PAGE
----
The only thing you can do with the ending is headcanon. Let's take this, for example:

"The cycle normally ends with all advanced life being wiped out and/or harvested. These endings show that did not happen."

True, it's implied by Synthesis and Control endings that the Reapers fly away and that there is peace. What's not implied, though, is that the Cycle is BROKEN. There's no guarantee that the Reapers, who are still out there, will not come back for some reason and begin harvesting again. It's purely speculative to say that they won't. Even 10,000 years later, when the Stargazer scene takes place (according to Word of God), is not anywhere near the end of what would be the next Cycle. That's just one example.

The level of information that was provided and the amount of pure conjecture that's required to make sense of the endings (in my opinion, no amount of conjecture can make any sense of this, because a lot of it is just nonsense and "space magic") does a huge disservice to Mass Effect. This is a series that had dozens of planets with in-depth descriptions of temperature, atmospheric content, settlement, and all sorts of other peripheral details, but they can't provide some very basic answers to cap off the main story arc? That's pretty pathetic, if you ask me.
comment #14999 JobanGrayskull 21st Jun 12
"Based on what, exactly? The Catalyst is perfect now? The Catalyst somehow knows exactly the right solution to its great 'problem'?"

I've stated many times that I do not believe that the Catalyst is "right" or that it was ever meant to be seen as "right". But there is one character who has benefited from being an organic with synthetic elements, one character whose body became stronger and their immune system was bolstered by the synthetic elements in their body. That character is Commander Shepard.

I chose Synthesis because it would end the need for the Reapers' cycles of destruction and it could bring about a higher standard of living for all life. (I chose Control on my second playthrough, partly because that's how my Renegon!Shepard rolled and it was a pun on a phrase spoken by the character who I based her appearance on, Lightning from FFXIII.) Besides, if you don't agree with a choice, you're not obligated to choose it.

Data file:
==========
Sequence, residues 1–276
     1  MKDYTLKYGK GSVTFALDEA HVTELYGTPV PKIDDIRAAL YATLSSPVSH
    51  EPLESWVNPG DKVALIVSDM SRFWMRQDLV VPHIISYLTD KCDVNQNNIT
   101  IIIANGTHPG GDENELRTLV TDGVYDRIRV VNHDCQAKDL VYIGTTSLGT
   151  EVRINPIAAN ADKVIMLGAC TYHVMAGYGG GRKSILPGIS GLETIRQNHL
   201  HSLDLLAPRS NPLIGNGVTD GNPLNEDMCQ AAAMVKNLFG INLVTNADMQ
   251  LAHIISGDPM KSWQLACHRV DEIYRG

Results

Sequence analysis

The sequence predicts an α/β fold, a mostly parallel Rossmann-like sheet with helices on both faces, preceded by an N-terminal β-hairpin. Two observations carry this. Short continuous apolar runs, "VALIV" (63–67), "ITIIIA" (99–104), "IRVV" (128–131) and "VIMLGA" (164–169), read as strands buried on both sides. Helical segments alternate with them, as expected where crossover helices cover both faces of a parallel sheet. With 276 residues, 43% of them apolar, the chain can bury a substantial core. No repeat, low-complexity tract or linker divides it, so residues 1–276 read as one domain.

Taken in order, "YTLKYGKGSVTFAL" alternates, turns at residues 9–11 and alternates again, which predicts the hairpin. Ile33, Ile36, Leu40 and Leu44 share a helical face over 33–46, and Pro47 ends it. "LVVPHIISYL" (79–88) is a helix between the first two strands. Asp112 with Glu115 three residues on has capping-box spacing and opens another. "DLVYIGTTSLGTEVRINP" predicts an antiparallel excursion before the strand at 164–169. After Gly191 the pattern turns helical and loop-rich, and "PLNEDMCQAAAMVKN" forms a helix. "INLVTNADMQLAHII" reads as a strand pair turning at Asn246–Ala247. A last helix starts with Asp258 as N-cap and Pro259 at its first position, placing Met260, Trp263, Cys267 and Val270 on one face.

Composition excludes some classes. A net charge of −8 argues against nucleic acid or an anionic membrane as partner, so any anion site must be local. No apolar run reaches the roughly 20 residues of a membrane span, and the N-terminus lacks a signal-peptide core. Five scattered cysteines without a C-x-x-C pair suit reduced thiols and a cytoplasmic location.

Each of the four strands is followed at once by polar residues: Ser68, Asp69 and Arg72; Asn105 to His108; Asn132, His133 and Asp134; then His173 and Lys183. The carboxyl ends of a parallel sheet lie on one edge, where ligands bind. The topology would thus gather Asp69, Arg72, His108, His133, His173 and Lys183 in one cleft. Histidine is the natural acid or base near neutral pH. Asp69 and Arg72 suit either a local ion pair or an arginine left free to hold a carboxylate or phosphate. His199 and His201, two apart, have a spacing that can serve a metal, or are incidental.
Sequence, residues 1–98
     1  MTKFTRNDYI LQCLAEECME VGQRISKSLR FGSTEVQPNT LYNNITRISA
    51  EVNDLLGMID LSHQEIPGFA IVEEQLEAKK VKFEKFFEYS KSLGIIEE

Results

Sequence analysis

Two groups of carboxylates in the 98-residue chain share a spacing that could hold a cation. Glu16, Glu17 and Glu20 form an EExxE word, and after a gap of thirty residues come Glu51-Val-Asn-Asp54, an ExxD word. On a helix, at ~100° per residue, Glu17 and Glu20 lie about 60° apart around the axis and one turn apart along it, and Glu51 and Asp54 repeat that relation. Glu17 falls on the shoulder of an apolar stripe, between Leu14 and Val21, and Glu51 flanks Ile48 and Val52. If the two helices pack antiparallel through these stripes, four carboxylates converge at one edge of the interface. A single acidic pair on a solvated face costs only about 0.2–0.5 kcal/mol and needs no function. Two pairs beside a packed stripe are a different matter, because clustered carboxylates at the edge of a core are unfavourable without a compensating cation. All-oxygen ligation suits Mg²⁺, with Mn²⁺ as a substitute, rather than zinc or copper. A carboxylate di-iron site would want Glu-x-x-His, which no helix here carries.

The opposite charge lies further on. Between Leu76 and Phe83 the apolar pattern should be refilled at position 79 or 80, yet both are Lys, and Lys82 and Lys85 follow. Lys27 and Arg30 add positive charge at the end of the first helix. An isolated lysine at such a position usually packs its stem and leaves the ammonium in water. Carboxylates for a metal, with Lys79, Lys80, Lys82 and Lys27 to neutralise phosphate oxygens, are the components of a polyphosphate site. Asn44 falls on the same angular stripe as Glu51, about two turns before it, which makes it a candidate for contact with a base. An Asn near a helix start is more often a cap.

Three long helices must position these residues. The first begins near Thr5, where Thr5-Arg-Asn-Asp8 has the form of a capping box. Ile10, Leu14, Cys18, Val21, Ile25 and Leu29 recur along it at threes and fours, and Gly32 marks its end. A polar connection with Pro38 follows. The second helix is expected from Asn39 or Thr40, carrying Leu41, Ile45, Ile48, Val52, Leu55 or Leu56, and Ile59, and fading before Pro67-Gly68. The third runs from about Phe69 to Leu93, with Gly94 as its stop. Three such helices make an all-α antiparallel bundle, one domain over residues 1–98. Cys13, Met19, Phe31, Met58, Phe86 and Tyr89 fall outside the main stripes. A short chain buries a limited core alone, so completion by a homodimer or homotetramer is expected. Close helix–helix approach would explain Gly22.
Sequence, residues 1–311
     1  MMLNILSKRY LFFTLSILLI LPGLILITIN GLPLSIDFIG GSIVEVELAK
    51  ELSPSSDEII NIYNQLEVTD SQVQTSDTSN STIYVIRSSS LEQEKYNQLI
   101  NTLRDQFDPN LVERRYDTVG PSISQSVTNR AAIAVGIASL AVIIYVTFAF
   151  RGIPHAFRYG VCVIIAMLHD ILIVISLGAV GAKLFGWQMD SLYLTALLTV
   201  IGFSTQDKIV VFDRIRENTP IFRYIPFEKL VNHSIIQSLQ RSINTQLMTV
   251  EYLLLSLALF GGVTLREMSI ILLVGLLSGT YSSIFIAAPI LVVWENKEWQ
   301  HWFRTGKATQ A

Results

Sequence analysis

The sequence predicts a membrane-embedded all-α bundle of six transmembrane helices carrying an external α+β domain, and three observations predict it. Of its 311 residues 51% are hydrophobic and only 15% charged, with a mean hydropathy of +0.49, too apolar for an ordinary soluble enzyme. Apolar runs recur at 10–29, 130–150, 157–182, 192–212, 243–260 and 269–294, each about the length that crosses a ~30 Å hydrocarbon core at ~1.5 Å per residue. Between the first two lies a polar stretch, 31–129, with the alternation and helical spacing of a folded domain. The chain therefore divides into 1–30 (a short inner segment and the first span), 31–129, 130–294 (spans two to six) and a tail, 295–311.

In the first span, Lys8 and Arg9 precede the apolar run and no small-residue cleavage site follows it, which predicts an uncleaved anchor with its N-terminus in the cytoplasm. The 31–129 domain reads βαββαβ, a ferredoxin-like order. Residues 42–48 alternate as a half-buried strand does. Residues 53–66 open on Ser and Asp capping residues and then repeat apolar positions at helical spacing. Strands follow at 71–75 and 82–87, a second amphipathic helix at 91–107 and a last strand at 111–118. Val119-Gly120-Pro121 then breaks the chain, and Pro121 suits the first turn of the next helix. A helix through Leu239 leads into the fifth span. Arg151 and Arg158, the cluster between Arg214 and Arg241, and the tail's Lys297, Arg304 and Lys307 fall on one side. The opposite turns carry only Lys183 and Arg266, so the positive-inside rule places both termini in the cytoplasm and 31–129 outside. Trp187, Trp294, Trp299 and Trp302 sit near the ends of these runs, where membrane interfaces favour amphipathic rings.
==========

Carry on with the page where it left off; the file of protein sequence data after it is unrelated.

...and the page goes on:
"What's not implied, though, is that the Cycle is BROKEN."

The Catalyst outright states that it has reconsidered the cycle based on Shepard's actions. In fact, the comment above you even states that the Catalyst decided that its original "solution" wasn't working.

"The level of information that was provided and the amount of pure conjecture that's required to make sense of the endings"

This arguments fails completely based on the fact that your other arguments completely disregard just about everything that happens in the ending. You can't refuse to acknowledge the events that happen in the ending and then say that the ending doesn't give enough information.
comment #15000 lilyxlightning 21st Jun 12
I've stated many times that I do not believe that the Catalyst is "right" or that it was ever meant to be seen as "right". But there is one character who has benefited from being an organic with synthetic elements, one character whose body became stronger and their immune system was bolstered by the synthetic elements in their body. That character is Commander Shepard.

Don't forget that Shepard could also be hacked (as seen in Overlord). There's also the problem of scar tissue that keeps appearing based on Shepard's psychological mood. So once again, it's not a completely good thing.

I chose Synthesis because it would end the need for the Reapers' cycles of destruction and it could bring about a higher standard of living for all life.

It could and it could not. Also, please explain how it would end the need of the Reapers' cycles. Does everything being synthetic mean that no one is ever going to need to build better machines anymore? According to the ending, Joker still has Vrolik's, so we can safely assume that all being will still have their inherent weaknesses. So, what happens when someone builds the next sapient AI that's more powerful than they are? Will everybody magically get along? Why? It's not even like all organics got along with organics and all machines got along with machines. There's nothing to explain why this would suddenly make everybody's lives better other than the Catalyst's word. Oh, but we're not assuming the Catalyst's logic is correct, right? So I guess we have NOTHING to base it on, then.
comment #15001 KingZeal 21st Jun 12
"please explain how it would end the need of the Reapers' cycles."

The Catalyst created the Reapers because it believed that synthetic life would cause the extinction of all organic life. Through Synthesis, there is no longer "organic" and "synthetic" distinctions. Thus, it would be impossible for synthetic life to wipe out organic life because all life would be a mixture of both. Thus, the Reapers' reason for the cycles would be solved, bringing an end as the Catalyst says it would.

"According to the ending, Joker still has Vrolik's"